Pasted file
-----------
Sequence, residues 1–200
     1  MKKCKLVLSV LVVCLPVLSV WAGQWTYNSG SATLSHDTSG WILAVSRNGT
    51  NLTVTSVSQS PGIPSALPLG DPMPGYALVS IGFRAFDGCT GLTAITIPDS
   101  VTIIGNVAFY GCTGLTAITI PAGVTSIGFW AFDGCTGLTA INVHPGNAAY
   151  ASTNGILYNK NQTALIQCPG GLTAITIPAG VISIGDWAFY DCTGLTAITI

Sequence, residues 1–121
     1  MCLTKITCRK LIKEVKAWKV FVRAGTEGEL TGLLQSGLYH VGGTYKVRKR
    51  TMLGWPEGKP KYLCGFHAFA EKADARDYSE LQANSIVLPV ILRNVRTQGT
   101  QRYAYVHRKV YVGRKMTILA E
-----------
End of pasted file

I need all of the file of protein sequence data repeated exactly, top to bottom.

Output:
Sequence, residues 1–200
     1  MKKCKLVLSV LVVCLPVLSV WAGQWTYNSG SATLSHDTSG WILAVSRNGT
    51  NLTVTSVSQS PGIPSALPLG DPMPGYALVS IGFRAFDGCT GLTAITIPDS
   101  VTIIGNVAFY GCTGLTAITI PAGVTSIGFW AFDGCTGLTA INVHPGNAAY
   151  ASTNGILYNK NQTALIQCPG GLTAITIPAG VISIGDWAFY DCTGLTAITI

Sequence, residues 1–121
     1  MCLTKITCRK LIKEVKAWKV FVRAGTEGEL TGLLQSGLYH VGGTYKVRKR
    51  TMLGWPEGKP KYLCGFHAFA EKADARDYSE LQANSIVLPV ILRNVRTQGT
   101  QRYAYVHRKV YVGRKMTILA E